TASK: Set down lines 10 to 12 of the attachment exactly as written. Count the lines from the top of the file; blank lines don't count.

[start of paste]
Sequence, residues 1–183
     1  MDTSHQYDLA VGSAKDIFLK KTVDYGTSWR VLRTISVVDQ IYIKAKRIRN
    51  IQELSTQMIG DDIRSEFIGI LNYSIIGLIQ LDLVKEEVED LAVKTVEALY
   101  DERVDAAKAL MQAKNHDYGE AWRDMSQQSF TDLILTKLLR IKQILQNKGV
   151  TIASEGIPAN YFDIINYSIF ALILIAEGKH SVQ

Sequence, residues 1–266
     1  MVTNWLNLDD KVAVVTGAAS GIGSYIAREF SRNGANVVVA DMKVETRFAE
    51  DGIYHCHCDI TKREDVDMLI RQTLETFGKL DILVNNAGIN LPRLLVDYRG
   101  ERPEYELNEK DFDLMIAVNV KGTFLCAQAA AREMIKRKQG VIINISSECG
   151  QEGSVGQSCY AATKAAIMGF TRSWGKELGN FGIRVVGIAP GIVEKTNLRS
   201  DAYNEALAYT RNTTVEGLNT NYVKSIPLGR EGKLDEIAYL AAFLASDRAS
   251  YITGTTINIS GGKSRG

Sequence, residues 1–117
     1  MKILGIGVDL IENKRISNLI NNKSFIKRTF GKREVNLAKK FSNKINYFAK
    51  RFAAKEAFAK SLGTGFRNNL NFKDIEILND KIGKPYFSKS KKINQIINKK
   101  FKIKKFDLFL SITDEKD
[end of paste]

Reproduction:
   151  QEGSVGQSCY AATKAAIMGF TRSWGKELGN FGIRVVGIAP GIVEKTNLRS
   201  DAYNEALAYT RNTTVEGLNT NYVKSIPLGR EGKLDEIAYL AAFLASDRAS
   251  YITGTTINIS GGKSRG